Meridian Star

New Today

January 31, 2014

Senate sends teacher paycheck measure to governor

NEW ORLEANS — The Mississippi Senate voted 48-0 Friday for a bill meant to ensure teachers get a full August paycheck, though local school board representatives question its legality.

The measure now goes to Gov. Phil Bryant for his consideration. Spokeswoman Nicole Webb wouldn't say whether he would sign it, but she said Bryant "certainly wants to be sure that teachers and school employees are paid fairly."

The bill directs school districts to pay all employees in equal monthly installments. It's meant to end problems created by an attorney general's opinion saying it violates the state constitution to pay employees for work not yet performed.

The Mississippi School Boards Association has said it believes a new state law can't overcome the constitutional hurdle, but Senate Education Committee Chairman Gray Tollison, R-Oxford, said during debate he believes the law would be constitutional and solve the problem.

A 2012 law that takes effect this fall says schools can't start before the third Monday of August. In 2014, that means classes can't start before Aug. 18.

Typically, a teacher's yearly contract begins Aug. 1, and they get their pay in 12 equal monthly checks, even though they don't work during the summer. For a 187-day contract, that works out to 16 days of work each month. But with 10 days of school and maybe three days of preparation, a teacher likely won't have done 16 days of work in August 2014.

That would mean less than a full paycheck, although the remainder of the pay would be made up in following months.

School boards and superintendents opposed the law mandating the later start of the school year, which was pushed by Mississippi Gulf Coast tourism interests. Local school leaders have been using the paycheck problem to push lawmakers to reverse themselves.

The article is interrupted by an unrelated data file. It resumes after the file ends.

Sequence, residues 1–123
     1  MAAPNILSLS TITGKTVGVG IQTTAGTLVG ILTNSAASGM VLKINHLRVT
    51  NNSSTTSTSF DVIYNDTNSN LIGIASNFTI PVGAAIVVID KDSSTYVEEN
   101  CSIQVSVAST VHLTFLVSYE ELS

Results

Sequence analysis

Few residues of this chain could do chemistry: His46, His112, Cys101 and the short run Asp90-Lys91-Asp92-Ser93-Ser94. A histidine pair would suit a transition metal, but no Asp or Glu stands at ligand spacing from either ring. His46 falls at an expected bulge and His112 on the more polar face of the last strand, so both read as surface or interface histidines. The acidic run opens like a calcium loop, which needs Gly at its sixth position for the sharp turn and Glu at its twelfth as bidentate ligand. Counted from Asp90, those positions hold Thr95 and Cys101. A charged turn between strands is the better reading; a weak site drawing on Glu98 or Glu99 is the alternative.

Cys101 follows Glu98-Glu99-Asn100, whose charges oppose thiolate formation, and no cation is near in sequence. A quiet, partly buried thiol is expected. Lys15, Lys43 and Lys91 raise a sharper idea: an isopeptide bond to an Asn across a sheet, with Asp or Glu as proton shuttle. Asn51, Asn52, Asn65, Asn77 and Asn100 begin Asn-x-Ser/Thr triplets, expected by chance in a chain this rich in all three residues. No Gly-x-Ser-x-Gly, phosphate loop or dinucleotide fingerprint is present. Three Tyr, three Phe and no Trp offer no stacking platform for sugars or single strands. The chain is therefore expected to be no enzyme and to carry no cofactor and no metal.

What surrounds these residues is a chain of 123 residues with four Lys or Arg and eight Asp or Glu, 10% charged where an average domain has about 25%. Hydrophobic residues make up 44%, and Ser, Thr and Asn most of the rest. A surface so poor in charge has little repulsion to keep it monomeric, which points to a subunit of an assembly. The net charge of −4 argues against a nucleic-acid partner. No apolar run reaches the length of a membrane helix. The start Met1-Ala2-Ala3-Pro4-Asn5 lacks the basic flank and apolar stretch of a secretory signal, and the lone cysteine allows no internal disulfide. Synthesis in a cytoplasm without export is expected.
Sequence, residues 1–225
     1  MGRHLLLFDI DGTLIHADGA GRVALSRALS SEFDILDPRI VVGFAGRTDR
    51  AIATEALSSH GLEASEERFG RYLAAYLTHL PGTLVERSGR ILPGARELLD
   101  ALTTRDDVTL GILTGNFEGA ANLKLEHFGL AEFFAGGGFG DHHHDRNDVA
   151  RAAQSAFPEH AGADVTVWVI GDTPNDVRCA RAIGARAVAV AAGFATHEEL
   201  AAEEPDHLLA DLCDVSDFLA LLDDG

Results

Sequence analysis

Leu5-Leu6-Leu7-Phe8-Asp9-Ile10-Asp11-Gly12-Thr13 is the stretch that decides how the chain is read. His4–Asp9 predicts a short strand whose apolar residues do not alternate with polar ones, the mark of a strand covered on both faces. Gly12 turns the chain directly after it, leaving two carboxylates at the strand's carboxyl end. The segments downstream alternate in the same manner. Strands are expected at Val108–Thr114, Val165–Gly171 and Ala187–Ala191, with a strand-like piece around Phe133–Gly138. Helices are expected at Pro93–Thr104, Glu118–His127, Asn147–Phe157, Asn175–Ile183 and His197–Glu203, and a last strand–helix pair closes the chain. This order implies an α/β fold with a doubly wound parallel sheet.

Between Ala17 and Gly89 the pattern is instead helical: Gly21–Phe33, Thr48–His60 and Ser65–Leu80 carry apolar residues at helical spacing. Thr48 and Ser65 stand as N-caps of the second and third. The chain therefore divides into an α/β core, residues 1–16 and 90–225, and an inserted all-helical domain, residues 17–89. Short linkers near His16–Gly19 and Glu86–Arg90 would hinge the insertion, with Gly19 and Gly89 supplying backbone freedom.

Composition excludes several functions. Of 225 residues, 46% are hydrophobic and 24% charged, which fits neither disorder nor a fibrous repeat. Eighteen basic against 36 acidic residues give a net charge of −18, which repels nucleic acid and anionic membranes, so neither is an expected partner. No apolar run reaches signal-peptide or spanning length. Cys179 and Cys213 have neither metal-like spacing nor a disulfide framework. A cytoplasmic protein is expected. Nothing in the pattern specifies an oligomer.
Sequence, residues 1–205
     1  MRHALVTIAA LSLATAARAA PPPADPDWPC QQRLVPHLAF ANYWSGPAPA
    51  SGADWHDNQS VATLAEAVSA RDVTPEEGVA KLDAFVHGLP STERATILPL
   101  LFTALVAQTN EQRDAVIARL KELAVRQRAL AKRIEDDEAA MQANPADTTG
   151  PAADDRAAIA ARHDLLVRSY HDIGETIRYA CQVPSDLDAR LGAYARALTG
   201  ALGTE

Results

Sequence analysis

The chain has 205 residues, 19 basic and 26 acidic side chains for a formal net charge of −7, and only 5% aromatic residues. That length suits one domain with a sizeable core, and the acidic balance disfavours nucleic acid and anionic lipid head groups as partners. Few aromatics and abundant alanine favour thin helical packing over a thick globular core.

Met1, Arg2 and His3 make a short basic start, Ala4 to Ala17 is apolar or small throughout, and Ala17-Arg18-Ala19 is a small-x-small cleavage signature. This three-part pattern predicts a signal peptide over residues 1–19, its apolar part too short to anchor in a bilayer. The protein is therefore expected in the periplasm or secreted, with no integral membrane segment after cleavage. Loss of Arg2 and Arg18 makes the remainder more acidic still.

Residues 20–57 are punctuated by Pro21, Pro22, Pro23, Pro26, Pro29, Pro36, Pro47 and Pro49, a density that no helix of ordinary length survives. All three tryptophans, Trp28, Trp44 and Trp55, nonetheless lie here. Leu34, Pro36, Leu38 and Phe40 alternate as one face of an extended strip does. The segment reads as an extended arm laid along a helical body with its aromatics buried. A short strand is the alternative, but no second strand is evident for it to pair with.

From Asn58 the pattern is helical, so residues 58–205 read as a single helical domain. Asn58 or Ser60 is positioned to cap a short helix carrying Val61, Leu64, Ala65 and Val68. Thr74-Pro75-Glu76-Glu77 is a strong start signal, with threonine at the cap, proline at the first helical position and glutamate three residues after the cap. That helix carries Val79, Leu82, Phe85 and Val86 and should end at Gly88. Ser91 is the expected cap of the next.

Sen. Videt Carmichael, R-Meridian, tried to amend the bill Friday to repeal the school start date legislation, but fellow Republican Lt. Gov. Tate Reeves ruled that wasn't allowed under Senate rules.

"Let our local districts decide when school should start and when it should end," said Carmichael, a former principal.

He complained that his separate bill to repeal the law hasn't gotten a hearing in the Education Committee.

"At least bring before the committee, not just my bill but some others that would repeal the law," he said.

Supporters warned of the political consequences about voting against the bill.

"If you vote for this bill, you vote for teachers to get paid like they need to be paid," said Sen. Brice Wiggins, R-Pascagoula. "If you vote against it, you vote against the way teachers need to be paid."


Text Only
New Today
Biz Marquee
New Today

Do you think a historic marker should be placed where the Council of Federated Organizations (COFO) Building stood?

     View Results
Twitter Updates
Follow us on twitter
AP Video
Bon Jovi Helps Open Low-income Housing in Philly Pipeline Opponents Protest on National Mall Hagel Gets Preview of New High-tech Projects S.C. Man Apologizes for Naked Walk in Wal-Mart New Country Music Hall of Fame Inductees Named 'Piles' of Bodies in South Sudan Slaughter New Yorkers Celebrate Cherry Blossom Blooms SCOTUS Hears Tv-over-Internet Case Justice Dept. Broadening Criteria for Clemency Chief Mate: Crew Told to Escape After Passengers 'Miss Meadows' Takes Holmes Back to Her Roots Biden: Russia Must Stop Talking, Start Acting David Moyes Out As Manchester United Manager Raw: Leopard Bites Man in India Iowa College Finds Beauty in Bulldogs High Court to Hear Dispute of TV Over Internet Stowaway Teen Forces Review of Airport Security
Hyperlocal Search
Premier Guide
Find a business

Walking Fingers
Maps, Menus, Store hours, Coupons, and more...
Premier Guide